Virgil’s Erato and the Fate of Aeneas

Michael B. Sullivan


So much has been written about Virgil’s invocation of Erato at Aeneid 7.37-45 that one is tempted to call on the Muse for assistance with the catalogue. [1] Mynors’ text of the controversial passage runs as follows [2] :

Nunc age, qui reges, Erato, quae tempora, rerum
quis Latio antiquo fuerit status, aduena classem
cum primum Ausoniis exercitus appulit oris,
expediam, et primae reuocabo exordia pugnae.
tu uatem, tu, diua, mone. dicam horrida bella,
dicam acies actosque animis in funera reges,
Tyrrhenamque manum totamque sub arma coactam
Hesperiam. maior rerum mihi nascitur ordo,
maius opus moueo.
Come now, Erato, and I shall relate the kings,
the times, and the state of things in ancient Latium,
when the foreign fleet first beached on Ausonian
shores, and recall the first beginnings of battle.
You, goddess, you—guide your bard. Of horrible wars,
of combats and kings driven to death by anger,
of the Tuscan host, of all Hesperia under
arms I shall tell. A higher order grows before me;
I set a greater work in motion.

Confronted with these lines, the poem’s critics have been led to an overwhelming question. Why, in the ‘Iliadic’ context of Aeneid 7-12, does Virgil invoke the Muse traditionally associated with erotic poetry? [3] Puzzlement over the poet’s source of inspiration began early. Servius auctus theorizes Virgil sane Erato uel pro Calliope uel pro qualicumque Musa posuit (surely put down Erato either for Calliope or for some other Muse), and succeeding generations of scholars have tended to frame their arguments in response to this hypothesis. [4] Those who follow Servius in denying an erotic aspect to Virgil’s Muse do so on the grounds that, as Nisbet and Hubbard comment on Horace, C. 1.24.3, the assignment of provinces to the Muses ‘was still vague’ among Roman poets until after the Augustan period. [5] Others argue that, on the contrary, the erotic Muse is a fitting patroness for the horrida bella of Aeneid 7-12 because, as Williams most succinctly puts it, ‘the whole conflict about to be described arises from Turnus’ refusal to give up his bride Lavinia to the Trojan stranger.’ [6]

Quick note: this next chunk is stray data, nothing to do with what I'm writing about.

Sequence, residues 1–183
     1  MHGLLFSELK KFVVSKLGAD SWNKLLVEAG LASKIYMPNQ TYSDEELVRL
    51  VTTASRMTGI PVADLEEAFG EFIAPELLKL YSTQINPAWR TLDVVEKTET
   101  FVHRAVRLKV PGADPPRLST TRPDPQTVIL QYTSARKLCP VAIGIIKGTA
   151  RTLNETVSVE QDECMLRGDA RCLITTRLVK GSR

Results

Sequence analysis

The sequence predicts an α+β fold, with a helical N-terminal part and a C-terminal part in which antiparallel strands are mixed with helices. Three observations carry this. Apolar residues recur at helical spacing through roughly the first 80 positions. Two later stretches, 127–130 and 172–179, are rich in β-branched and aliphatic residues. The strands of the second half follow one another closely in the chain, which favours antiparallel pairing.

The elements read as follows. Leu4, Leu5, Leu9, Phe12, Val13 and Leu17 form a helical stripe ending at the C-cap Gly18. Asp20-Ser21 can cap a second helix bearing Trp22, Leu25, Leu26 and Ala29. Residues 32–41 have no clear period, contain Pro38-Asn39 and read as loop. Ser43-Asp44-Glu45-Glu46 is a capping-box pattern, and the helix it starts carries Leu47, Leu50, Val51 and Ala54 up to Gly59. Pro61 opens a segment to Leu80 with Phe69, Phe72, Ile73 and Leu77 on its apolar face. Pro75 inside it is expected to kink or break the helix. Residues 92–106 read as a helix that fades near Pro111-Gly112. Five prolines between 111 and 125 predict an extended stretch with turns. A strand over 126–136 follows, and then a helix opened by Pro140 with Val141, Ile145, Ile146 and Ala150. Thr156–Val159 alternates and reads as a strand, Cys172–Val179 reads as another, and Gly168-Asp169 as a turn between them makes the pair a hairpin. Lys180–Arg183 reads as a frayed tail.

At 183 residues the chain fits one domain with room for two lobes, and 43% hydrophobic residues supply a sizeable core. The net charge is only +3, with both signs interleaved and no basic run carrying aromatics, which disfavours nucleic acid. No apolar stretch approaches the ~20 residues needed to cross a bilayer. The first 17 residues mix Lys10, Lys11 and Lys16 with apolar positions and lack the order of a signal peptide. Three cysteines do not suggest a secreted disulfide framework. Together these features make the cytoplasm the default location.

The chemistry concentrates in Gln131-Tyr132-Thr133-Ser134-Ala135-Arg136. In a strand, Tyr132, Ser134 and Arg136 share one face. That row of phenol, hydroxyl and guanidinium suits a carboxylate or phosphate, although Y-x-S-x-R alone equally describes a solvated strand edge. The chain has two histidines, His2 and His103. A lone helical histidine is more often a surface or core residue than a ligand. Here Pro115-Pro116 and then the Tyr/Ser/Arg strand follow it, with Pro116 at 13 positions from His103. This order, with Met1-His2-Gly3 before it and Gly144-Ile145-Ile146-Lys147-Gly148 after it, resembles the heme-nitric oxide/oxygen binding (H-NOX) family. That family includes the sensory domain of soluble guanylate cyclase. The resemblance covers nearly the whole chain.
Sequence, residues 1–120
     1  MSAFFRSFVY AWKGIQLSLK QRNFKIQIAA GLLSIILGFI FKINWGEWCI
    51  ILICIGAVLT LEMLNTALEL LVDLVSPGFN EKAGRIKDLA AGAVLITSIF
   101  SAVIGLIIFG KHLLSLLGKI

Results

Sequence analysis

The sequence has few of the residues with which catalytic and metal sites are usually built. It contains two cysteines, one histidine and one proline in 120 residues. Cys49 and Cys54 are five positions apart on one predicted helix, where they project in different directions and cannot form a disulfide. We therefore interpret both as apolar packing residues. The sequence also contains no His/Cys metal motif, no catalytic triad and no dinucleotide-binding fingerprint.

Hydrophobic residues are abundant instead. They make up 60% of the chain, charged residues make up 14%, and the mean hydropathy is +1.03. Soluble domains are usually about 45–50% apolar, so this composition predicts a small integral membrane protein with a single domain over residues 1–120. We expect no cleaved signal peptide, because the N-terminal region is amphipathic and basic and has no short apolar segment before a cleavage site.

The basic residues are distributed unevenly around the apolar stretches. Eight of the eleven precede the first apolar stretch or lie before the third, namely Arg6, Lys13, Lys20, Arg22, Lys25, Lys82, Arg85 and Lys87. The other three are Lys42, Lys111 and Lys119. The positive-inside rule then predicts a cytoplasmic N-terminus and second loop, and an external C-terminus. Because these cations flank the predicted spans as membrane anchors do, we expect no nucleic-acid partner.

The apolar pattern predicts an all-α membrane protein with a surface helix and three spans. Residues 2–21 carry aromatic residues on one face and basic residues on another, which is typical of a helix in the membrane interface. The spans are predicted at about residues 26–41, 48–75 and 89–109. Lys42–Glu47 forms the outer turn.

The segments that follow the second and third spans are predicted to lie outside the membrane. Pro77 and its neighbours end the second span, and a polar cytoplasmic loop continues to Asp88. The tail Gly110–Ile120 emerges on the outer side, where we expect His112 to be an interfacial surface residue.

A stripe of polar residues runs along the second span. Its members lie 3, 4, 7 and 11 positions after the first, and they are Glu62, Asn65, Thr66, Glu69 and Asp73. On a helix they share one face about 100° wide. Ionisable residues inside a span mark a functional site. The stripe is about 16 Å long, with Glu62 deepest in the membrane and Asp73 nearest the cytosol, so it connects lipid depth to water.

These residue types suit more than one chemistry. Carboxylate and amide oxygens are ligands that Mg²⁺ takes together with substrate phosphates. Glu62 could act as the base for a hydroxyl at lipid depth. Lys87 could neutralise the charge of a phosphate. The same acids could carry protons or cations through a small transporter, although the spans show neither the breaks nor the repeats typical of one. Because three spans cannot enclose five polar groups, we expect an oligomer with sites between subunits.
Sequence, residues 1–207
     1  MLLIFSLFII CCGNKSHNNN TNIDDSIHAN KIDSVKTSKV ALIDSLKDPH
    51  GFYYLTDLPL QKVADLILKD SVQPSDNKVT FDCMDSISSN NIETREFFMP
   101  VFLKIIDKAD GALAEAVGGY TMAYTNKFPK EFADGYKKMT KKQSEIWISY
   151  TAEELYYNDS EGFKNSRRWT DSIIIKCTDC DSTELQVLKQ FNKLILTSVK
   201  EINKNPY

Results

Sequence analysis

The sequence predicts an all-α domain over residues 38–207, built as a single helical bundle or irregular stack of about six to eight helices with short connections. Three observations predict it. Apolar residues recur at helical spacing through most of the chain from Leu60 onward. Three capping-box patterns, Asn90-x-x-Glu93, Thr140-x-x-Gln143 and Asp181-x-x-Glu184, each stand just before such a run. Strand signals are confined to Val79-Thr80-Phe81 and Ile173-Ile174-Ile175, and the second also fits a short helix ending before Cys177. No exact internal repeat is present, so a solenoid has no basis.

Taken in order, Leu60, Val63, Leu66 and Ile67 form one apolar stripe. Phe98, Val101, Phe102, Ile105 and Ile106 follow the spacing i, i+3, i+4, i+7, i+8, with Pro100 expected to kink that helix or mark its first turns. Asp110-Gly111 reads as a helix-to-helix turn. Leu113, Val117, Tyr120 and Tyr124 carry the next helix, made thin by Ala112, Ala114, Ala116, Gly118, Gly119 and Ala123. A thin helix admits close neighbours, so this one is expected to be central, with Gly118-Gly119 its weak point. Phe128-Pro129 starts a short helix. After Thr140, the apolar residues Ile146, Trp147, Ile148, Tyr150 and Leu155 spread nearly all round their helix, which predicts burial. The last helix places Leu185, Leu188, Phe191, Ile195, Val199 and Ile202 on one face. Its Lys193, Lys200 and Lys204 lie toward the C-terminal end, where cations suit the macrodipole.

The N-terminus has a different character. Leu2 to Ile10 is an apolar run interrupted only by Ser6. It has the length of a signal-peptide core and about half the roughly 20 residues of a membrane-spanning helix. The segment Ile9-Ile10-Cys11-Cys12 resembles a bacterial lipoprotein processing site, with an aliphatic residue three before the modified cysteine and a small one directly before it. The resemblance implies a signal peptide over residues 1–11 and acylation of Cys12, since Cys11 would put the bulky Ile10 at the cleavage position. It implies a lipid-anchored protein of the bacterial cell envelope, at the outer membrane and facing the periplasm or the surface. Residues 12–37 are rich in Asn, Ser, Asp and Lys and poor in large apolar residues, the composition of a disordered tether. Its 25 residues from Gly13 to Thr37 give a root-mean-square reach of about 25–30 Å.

Crucial for both interpretations is the passage’s long-recognized intertextual engagement with Apollonius, Argonautica 3.1-5. I reproduce Fränkel’s text [7] :

Εἰ δ’ ἄγε νῦν Ἐρατώ, παρ’ ἔμ’ ἵστασο καί μοι ἔνισπε
ἔνθεν ὅπως ἐς Ἰωλκὸν ἀνήγαγε κῶας Ἰήσων
Μηδείης ὑπ’ ἔρωτι· σὺ γὰρ καὶ Κύπριδος αἶσαν
ἔμμορες, ἀδμῆτας δὲ τεοῖς μελεδήμασι θέλγεις
παρθενικάς· τῶ καί τοι ἐπήρατον οὔνομ’ ἀνῆπται.
Come now, Erato, stand by my side, and tell me
next how Jason brought back the fleece to Iolcus
with Medea’s love. For you also share the lot
of Cypris, and with your love-cares you charm unwed
maidens; to you also the name of love is joined.